Solo Travel in Bolivia

Solo Travel in Bolivia

Types of Girl about the Globe – Cultural GatG, Nature GatG, Budget GatG

Travelling solo in Bolivia can be a culture shock, firstly due to its poverty and second because of its altitude. That's why we've given it 3 out of 5 stars. Is Bolivia is safe to travel alone? Although the Bolivia crime rate is increasing against foreigners, it is still one of the safest places in South America and being the cheapest, it’s popular with other travellers especially Israelis. Foreign women are free to do as they like and they even have women’s wrestling here!

There’s mixed reports about feeling safe in La Paz but it still remains the safest capital in South America. Be careful at night and on any border crossings and Steer clear of El Alto Bolivia, as it is not the safest place for tourists with robbery and pickpocketing. Be careful in Oruro too.

Below is our Bolivia travel guide on how to travel solo in Bolivia including best places to visit in Bolivia, things to do in Bolivia, where to stay, which tour company to use and how to get around. Find out how to get from the airports and what to do in each place.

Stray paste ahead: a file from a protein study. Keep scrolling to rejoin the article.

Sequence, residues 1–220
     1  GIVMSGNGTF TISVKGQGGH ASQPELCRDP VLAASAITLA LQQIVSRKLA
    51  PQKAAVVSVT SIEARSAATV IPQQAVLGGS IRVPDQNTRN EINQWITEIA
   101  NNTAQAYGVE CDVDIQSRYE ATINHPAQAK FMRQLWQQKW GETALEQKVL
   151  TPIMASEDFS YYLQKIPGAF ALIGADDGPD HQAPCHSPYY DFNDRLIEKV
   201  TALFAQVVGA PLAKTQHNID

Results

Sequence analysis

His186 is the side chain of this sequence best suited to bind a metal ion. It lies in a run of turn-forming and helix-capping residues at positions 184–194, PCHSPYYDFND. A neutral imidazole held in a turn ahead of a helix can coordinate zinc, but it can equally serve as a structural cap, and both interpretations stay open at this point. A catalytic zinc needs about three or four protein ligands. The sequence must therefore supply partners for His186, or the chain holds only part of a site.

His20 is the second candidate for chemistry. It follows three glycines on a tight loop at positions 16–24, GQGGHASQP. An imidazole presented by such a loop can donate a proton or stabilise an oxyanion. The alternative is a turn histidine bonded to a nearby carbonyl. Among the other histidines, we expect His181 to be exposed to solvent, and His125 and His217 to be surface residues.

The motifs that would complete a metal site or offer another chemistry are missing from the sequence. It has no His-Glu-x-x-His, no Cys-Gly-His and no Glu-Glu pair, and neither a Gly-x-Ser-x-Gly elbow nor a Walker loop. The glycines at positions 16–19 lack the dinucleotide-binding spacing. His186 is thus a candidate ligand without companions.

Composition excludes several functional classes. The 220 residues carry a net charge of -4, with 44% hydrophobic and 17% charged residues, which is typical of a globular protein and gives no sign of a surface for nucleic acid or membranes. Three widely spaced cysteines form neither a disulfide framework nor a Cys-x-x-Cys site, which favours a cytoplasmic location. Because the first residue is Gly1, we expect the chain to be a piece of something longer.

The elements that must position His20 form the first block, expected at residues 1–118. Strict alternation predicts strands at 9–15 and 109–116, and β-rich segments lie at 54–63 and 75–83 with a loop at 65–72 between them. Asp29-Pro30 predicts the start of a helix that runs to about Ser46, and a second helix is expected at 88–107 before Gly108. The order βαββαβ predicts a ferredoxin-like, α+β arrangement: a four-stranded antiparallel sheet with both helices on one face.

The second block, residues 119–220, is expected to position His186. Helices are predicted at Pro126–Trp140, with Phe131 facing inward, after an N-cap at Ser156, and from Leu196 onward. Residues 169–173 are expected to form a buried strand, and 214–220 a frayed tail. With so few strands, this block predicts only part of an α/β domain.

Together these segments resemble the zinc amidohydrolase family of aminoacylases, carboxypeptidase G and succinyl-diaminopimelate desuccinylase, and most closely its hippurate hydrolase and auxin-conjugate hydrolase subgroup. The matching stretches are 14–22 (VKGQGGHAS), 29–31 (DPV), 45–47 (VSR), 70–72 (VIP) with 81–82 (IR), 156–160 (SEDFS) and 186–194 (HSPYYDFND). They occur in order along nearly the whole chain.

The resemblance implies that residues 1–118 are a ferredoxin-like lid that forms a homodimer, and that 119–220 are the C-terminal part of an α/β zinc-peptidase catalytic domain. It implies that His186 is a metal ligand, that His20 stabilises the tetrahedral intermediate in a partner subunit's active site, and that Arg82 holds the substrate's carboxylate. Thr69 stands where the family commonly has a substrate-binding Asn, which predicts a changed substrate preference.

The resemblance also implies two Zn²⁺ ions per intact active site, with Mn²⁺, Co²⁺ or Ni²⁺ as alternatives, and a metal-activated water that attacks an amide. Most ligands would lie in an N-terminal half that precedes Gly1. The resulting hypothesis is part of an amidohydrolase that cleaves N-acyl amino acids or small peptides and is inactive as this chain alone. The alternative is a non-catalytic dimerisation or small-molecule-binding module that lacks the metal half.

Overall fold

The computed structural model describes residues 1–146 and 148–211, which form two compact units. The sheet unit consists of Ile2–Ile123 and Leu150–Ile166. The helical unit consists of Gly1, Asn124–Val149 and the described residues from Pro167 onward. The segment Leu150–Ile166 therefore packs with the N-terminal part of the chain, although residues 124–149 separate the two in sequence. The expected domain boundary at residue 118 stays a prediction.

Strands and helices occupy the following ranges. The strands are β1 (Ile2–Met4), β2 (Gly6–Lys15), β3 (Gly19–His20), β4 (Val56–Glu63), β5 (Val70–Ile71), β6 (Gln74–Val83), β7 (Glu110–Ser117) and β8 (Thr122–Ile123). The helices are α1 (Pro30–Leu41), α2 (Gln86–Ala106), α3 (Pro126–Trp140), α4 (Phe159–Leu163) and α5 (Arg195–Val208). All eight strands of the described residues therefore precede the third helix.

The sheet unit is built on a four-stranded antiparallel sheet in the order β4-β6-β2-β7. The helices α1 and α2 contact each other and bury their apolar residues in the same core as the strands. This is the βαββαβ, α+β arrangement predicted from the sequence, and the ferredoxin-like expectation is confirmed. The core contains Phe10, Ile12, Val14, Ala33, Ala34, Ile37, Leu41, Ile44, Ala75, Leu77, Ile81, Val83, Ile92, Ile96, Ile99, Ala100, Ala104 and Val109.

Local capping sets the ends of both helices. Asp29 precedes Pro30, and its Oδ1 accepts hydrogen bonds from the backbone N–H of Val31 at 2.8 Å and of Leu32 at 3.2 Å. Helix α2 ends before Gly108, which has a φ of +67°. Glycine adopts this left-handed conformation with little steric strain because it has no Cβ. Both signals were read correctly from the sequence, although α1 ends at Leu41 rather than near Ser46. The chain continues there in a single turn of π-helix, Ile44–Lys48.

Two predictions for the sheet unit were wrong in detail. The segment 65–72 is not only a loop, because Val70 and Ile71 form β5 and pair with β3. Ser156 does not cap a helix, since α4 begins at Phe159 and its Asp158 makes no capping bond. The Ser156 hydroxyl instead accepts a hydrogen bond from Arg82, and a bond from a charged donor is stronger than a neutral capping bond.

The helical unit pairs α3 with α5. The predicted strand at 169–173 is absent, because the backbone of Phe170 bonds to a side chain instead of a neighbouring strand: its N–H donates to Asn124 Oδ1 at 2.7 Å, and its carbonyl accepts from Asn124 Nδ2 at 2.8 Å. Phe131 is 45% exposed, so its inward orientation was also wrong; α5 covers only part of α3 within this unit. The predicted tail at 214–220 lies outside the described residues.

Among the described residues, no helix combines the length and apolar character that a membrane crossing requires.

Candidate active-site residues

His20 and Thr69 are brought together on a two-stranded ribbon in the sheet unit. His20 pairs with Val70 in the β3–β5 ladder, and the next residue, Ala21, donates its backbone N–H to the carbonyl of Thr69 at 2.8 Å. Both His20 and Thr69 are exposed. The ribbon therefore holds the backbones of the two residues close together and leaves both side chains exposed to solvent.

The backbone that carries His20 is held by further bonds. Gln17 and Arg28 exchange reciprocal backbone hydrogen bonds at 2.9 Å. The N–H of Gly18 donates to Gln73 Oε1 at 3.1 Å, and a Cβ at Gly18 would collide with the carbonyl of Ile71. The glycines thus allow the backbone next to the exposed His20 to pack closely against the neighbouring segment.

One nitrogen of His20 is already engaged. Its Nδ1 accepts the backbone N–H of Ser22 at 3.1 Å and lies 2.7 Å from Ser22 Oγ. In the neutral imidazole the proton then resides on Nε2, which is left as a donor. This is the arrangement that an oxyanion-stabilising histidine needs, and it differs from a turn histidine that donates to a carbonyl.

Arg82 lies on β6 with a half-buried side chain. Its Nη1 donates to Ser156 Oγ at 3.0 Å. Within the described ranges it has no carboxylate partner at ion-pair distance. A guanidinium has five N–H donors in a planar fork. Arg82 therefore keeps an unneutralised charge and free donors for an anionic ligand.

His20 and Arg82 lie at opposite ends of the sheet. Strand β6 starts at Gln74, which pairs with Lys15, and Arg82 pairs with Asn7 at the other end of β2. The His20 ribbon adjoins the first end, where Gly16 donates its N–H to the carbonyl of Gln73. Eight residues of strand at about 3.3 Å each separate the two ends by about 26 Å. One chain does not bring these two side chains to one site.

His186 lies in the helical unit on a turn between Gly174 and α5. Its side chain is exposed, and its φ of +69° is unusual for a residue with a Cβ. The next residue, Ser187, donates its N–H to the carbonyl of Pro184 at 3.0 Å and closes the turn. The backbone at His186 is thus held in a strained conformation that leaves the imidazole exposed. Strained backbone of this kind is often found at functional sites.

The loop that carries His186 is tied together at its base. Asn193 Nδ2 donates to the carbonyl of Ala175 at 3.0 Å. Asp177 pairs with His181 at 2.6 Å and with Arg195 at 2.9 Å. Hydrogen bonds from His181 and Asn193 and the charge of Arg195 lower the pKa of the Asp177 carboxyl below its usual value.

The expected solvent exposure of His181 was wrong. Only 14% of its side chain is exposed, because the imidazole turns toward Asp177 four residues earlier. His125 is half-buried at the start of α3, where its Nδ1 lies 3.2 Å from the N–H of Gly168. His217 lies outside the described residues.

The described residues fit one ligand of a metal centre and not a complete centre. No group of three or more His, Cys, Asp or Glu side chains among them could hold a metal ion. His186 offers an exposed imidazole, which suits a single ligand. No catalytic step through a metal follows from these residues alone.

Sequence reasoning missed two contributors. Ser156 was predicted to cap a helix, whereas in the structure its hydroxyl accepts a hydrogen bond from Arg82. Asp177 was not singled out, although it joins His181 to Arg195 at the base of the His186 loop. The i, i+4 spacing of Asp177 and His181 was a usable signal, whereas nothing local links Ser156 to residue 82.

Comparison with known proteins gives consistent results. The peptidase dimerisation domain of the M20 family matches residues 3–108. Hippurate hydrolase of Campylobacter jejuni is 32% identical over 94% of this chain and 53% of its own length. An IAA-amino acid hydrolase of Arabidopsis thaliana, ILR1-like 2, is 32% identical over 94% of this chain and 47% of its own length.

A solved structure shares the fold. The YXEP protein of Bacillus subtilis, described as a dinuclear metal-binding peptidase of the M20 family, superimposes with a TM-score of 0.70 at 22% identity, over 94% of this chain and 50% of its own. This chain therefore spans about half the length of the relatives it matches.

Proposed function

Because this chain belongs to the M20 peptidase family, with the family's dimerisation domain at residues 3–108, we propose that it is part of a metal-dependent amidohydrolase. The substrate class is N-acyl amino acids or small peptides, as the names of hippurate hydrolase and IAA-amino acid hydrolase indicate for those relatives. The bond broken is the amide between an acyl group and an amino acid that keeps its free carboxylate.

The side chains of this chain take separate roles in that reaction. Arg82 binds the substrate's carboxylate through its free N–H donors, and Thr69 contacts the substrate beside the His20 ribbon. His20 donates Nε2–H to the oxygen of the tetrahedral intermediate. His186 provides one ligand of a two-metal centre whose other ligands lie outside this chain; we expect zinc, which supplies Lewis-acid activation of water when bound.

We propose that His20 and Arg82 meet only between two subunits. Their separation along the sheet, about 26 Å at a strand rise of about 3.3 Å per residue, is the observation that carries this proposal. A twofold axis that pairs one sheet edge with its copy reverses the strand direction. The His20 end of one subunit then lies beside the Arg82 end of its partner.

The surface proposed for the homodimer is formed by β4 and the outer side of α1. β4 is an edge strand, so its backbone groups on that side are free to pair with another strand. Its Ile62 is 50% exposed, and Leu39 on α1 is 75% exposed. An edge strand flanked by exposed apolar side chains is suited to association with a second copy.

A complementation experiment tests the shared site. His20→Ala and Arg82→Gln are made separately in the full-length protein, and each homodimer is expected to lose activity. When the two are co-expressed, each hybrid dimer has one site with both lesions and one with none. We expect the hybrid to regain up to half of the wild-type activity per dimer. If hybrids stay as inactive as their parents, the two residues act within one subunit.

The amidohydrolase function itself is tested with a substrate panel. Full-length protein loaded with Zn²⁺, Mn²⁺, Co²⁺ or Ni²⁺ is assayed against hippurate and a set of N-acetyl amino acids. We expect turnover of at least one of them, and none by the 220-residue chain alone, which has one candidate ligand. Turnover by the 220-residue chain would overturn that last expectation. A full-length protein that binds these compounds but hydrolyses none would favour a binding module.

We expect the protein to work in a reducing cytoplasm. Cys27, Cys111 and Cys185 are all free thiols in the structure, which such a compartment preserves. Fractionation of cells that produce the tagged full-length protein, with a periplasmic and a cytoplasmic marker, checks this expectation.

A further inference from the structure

All companies included have been recommended by solo female travellers and come with our Solo Female Friendly endorsement. Just choose the relevant section or read the full article.


Laguna Colorada (the Red Lagoon by Clodagh Collier)

About Bolivia

Bolivia will surprise you with its mind-blowing scenery; snow-capped mountains, active volcanoes and moon-like valley. It’s got the world’s most dangerous road, a bright green lake and enough potions in the Witches Market to turn you into a frog.

This country isn’t the destination to come to for a suntan, it’s generally cold and rainy especially being at a high altitude so wrap up warm. The best way to explore this country is by 4×4 so team up with others or join a tour and cruise through the dirt roads of this diverse landscape.

* Click here to discover all activities and things to do in Bolivia

Solo travel in Bolivia

The Great Train Graveyard (photo by by Clodagh Collier)

It may surprise you to know that Bolivia actually has two capitals; La Paz the administrative capital and Sucre for judicial. La Paz Bolivia, is the highest capital city of Bolivia and the highest in the world (3632 metres) and its honking traffic will either enthrall you or leave you running for the Coca Museum, (be careful when crossing the roads).

Poverty is rife here and unemployed painters and craftsmen regularly sit in the main square with homemade signs waiting for someone to give them a few hours work. Bullet holes in the walls of the main square are a reminder of the 33 protesters who were shot dead during the 2003 demonstrations over tax increases which left another 200 injured.